Lightning: The Underated Weather Hazard
By William P. Roeder, 45 WS/SYR Patrick Air Force Base, Florida
Lightning is the #2 storm killer in the U.S., killing more than
hurricanes or tornadoes on average. Only floods kill more. But the real
story of lightning isn't the deaths, it's the injuries. Only about 10%
of those struck are killed; 90% survive. But of the survivors, many suffer
life-long severe injury and disability. These injuries are primarily neurological,
with a wide range of symptoms, and are sometimes difficult to diagnose.
Lightning also causes about $5 billion of economic loss each year in the
Public education is the key! The vast majority of lightning
casualties can be easily, quickly, and cheaply avoided, if the proper
rules are followed. People need increased awareness of the lightning hazard
and knowledge of lightning safety.
Lightning safety involves several easy steps that anyone can do. While
lightning safety can be inconvenient, consider how inconvenient the
alternative of not following these simple rules could be! Adults are
ALWAYS responsible for the safety of children under their care; this
includes lightning safety. Remember:
No Place Outside is Safe During Thunderstorms!
Even though no lightning safety guidelines will give 100% guaranteed
total safety, the following steps will help you avoid the vast majority
of lightning casualties.
If you are planning to be outside, watch the weather forecast
beforehand. Know your local weather patterns. Plan around the
weather to avoid the lightning hazard.
If you are going to be outside anyway, stay near proper shelter
and use the ?30-30 Rule' to know when to seek proper shelter.n
When you see lightning, count the time until you hear thunder.
If this time is 30 seconds or less, seek proper shelter.
If you can't see the lightning, just hearing the thunder is a
good back-up rule. Wait 30 minutes or more after hearing
the last thunder before leaving shelter.den
Also keep your eyes on the skies for clues that thunderstorms
may be developing: increasing, thickening, and darkening clouds,
especially with deep vertical extent; increasing rain, and increasing
wind. If the developing storm is nearby, seek shelter even before
the first lightning flash.
Seek proper shelter when required. Don't hesitate, seek shelter
immediately. The lightning casualty stories are replete with events
where people were about to make it to shelter when they were struck.
If they'd just started a minute earlier, they'd have been safe.
The best shelter commonly available against lightning is a large
fully enclosed substantially constructed building, e.g. your typical
house, school, library, or other public building. Substantially
constructed means it has wiring and plumbing in the walls.
Once inside, stay away from any conducting path to the outside.
Stay off the corded telephone. Stay away from electrical appliances,
lighting, and electric sockets. Stay away from plumbing. Don't
watch lightning from windows or doorways. Inner rooms are generally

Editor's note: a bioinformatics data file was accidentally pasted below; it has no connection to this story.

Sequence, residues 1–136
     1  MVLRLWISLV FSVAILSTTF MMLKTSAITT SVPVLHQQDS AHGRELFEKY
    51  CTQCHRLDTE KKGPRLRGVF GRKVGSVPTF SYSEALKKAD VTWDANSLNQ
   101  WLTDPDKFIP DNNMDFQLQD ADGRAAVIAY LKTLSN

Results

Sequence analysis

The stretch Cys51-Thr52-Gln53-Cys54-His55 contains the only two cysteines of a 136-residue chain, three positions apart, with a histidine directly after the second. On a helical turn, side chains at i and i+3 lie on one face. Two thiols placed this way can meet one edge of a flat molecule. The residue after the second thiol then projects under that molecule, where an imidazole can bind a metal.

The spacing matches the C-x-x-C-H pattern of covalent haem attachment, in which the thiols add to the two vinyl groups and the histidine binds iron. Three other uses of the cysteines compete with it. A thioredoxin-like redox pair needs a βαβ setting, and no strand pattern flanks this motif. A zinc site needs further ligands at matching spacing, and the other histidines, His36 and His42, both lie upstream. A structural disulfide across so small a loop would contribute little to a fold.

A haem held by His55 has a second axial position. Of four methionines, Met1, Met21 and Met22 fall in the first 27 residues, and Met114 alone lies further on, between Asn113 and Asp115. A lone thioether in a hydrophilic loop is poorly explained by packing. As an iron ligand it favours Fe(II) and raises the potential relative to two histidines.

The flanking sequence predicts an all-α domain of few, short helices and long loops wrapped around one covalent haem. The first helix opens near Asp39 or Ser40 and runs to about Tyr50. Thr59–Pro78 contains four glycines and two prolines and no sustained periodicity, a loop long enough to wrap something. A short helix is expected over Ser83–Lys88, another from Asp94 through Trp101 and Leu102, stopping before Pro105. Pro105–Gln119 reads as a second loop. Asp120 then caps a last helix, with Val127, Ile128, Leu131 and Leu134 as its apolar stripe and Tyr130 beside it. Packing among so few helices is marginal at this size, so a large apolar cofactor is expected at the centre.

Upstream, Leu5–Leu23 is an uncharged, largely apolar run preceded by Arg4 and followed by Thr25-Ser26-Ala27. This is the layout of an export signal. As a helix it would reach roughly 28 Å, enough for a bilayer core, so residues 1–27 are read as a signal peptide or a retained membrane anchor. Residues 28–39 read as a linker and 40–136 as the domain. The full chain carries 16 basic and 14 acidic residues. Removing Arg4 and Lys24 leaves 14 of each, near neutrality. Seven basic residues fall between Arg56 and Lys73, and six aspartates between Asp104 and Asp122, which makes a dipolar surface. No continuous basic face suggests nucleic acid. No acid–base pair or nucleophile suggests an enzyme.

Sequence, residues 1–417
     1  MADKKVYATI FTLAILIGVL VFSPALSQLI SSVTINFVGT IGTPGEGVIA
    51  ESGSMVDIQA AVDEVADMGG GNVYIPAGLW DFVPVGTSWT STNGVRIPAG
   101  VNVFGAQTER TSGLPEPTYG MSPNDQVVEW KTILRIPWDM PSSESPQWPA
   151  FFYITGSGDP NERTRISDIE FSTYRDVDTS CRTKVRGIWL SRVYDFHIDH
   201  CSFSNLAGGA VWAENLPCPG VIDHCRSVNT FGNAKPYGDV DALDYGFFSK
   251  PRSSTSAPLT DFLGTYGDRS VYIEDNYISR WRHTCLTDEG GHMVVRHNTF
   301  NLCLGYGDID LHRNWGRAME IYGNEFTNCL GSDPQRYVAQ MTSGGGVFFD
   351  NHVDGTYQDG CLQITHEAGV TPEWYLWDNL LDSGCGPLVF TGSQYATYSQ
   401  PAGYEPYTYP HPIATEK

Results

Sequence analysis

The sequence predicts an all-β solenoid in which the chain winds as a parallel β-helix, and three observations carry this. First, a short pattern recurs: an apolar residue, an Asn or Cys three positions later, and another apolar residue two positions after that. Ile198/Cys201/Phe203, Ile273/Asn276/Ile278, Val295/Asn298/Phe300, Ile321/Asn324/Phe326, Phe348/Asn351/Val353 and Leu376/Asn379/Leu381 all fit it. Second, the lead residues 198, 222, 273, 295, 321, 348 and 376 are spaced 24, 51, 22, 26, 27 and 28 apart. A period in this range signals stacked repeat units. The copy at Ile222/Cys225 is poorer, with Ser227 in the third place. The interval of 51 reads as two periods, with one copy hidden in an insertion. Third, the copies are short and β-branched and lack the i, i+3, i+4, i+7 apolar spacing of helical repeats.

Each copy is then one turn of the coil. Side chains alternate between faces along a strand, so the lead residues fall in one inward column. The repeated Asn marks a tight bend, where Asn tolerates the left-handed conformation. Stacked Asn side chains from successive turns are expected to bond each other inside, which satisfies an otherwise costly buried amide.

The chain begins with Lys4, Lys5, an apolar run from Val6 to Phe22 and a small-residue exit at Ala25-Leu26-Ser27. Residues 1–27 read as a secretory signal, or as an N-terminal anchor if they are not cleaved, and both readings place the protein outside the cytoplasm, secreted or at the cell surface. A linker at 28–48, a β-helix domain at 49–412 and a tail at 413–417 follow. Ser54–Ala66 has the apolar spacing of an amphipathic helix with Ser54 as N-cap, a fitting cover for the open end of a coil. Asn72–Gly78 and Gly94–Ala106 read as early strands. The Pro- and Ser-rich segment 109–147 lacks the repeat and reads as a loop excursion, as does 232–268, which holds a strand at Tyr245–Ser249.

If you can't get to a substantial building, a vehicle with a
solid metal roof and metal sides is a reasonable second choice.
As with a building, avoid contact with conducting paths going
outside: close the windows, lean away from the door, put your
hands in your lap, don't touch the steering wheel, ignition, gear
shifter, or radio. Convertibles, cars with fiberglass or plastic
shells, and open framed vehicles don't count as lightning shelters.
Cars are safe because the rubber tires insulate them from the
Cars are safe because of their metal shell.
If you can't get to proper lightning shelter, at least avoid
the most dangerous locations and activities.
- Avoid higher elevations
- Avoid wide-open areas, including sports fields and beaches
- Avoid tall isolated objects like trees, poles, and light posts.
- Avoid water-related activities: boating, swimming (includes
indoor pools), and fishing.
- Avoid golfing.
- Avoid open vehicles like open farm tractors, open construction
vehicles, riding lawnmowers, and golf carts (even with roofs)
- Avoid unprotected open buildings like picnic pavilions, rain
shelters, and bus stops
- Avoid metal fences and metal bleachers.
DO NOT GO UNDER TREES TO KEEP DRY DURING THUNDERSTORMS!
The Lightning Crouch: Use this only as a last, desperate measure!!
If you've made several bad decisions and are outside far away
from proper shelter when lightning threatens, proceed to the safest
location. Get off the higher elevations, get out of the open fields,
get away from tall isolated objects, and get away from water.
If lightning is imminent, it will sometimes give a very few seconds
of warning. Sometimes your hair will stand-up on end, or your
skin will tingle, or light metal objects will vibrate, or you'll
hear a crackling or "kee-kee" sound. If this happens and you're
in a group, spread out so there are several body lengths between
each person. If one person is struck, the others may not be hit
and can give first aid. Once you've spread out, use the lightning
crouch; put your feet together, squat down, tuck your head, and
cover your ears. When the immediate threat of lightning has passed,
continue heading to the safest spot possible.
Remember, this is a desperate last resort; you are much safer
if you follow the previous steps and not gotten into this high-risk
Lightning First Aid:
- All deaths from lightning are from cardiac arrest and stopped
breathing at the time of the strike. CPR and mouth-to-mouth-resuscitation
are the recommended first aid, respectively.
- If you are still in an active thunderstorm and at continuing
risk to yourself, consider moving the victim and yourself to
a safer location.Hidden Spacer
Lightning victims are electrified. If you touch them, you'll
It is perfectly safe to touch a lightning victim to give them